Brian McGaffney
 
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Our home in space - Milky Way.

Brian McGaffney
 
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NGC7331_7318
 
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NGC 772 Spiral Galaxy

NGC 772 is a spiral galaxy, approximately 130 million light-years away,
in the constellation Aries. Below and slightly to the right, is the satellite
galaxy NGC 770, which is probably responsible for NGC 772's peculiar shape.

Also, there are a lot of dwarf galaxies visible in the immediate neighborhood
that may also be interacting with NGC 772.


Brian McGaffney - Nutwood Observatory
 
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Hi res close up of NGC 891.  One can zoom in 
on NGC 891 and look at some great detail of  
the edges of the galaxy.

Brian McGaffney
 
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NGC 4321 (M100) is a faint spiral galaxy and is part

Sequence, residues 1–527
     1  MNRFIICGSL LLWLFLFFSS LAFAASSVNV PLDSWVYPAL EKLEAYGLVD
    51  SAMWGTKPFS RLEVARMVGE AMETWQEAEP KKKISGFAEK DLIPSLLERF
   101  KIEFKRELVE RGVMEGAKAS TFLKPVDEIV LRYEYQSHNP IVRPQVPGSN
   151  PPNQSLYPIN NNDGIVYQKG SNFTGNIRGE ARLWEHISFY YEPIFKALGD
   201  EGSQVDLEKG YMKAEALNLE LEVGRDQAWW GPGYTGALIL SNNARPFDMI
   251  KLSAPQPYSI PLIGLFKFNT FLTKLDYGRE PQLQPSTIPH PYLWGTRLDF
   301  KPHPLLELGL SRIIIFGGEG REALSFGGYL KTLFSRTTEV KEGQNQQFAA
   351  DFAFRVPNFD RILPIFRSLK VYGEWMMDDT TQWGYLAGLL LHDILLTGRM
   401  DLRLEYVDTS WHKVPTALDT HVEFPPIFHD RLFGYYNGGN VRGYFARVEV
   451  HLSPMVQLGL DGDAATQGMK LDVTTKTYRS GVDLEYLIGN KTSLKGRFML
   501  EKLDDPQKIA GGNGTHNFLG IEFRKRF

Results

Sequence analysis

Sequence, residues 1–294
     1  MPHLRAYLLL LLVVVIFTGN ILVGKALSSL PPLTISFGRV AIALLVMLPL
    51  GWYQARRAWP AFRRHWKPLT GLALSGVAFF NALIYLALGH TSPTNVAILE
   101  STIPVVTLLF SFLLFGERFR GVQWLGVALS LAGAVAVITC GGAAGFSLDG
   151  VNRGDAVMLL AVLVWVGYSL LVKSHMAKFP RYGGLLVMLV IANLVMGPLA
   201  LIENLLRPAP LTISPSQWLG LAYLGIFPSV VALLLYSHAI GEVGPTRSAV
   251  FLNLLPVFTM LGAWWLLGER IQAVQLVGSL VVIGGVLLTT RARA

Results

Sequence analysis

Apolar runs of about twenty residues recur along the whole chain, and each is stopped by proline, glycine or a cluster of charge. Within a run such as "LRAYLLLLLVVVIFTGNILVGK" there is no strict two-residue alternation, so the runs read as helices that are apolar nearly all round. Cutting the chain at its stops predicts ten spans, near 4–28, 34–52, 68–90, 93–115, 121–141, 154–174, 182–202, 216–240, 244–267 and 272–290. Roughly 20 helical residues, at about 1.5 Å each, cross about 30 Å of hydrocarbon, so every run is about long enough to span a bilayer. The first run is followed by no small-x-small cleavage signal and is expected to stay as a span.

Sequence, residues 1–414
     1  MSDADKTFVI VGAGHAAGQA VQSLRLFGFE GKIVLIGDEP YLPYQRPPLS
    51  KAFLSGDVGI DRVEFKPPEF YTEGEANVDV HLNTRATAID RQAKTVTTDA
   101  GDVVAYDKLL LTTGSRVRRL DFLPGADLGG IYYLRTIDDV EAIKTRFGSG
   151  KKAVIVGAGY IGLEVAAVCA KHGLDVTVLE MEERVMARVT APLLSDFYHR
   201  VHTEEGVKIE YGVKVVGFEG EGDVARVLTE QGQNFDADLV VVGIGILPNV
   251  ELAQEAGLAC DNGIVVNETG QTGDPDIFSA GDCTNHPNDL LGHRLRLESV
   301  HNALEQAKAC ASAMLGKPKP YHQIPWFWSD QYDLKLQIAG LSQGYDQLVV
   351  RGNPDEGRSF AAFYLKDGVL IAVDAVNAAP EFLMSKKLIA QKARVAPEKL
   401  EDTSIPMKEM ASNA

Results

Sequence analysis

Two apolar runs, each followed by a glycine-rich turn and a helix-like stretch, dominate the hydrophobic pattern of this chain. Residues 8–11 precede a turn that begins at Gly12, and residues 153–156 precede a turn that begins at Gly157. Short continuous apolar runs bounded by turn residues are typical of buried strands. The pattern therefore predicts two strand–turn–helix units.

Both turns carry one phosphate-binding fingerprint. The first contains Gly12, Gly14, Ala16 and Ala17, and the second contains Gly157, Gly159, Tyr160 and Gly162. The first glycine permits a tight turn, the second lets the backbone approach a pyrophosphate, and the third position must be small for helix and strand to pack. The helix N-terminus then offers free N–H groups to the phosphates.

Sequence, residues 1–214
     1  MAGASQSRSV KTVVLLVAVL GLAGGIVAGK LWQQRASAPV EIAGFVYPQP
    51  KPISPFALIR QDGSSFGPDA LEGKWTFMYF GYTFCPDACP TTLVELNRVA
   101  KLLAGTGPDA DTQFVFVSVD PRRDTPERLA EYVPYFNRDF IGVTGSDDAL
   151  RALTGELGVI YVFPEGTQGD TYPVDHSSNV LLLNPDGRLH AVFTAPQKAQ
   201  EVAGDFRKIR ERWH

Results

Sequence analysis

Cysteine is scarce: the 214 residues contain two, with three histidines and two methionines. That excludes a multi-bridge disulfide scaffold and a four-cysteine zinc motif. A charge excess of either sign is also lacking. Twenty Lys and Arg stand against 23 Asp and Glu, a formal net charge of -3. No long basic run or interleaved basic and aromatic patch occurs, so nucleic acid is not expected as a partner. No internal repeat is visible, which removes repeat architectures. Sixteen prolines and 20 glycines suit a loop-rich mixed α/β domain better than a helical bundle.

of the Virgo Cluster  located in Coma Berenices. 
NGC 4321 is around magnitude 10 and distance from earth 
about 65 million light years. The galaxy is a pure 
representation of what a spiral galaxy looks like. 
In the images attached, it shows many of the faint 
associated galaxy's associated with this object. The 
fainter object located in the image towards 2 o'clock is 
another distant spiral, and since in proximity to M100 
has some effect on its behaviour.

Imaging time for these photos was about 8 hours total 
taken by myself at the Nutwood Observatory last week.   
Image was guided and used an Apogee U16M liquid cooled 
CCD camera with a DK 300 MM Astrograph telescope. Acquistion
was done remotely .Processing was done using Pixinsight, 
MaxIm DLPro and PS Cs5.


Imaged by Brian McGaffney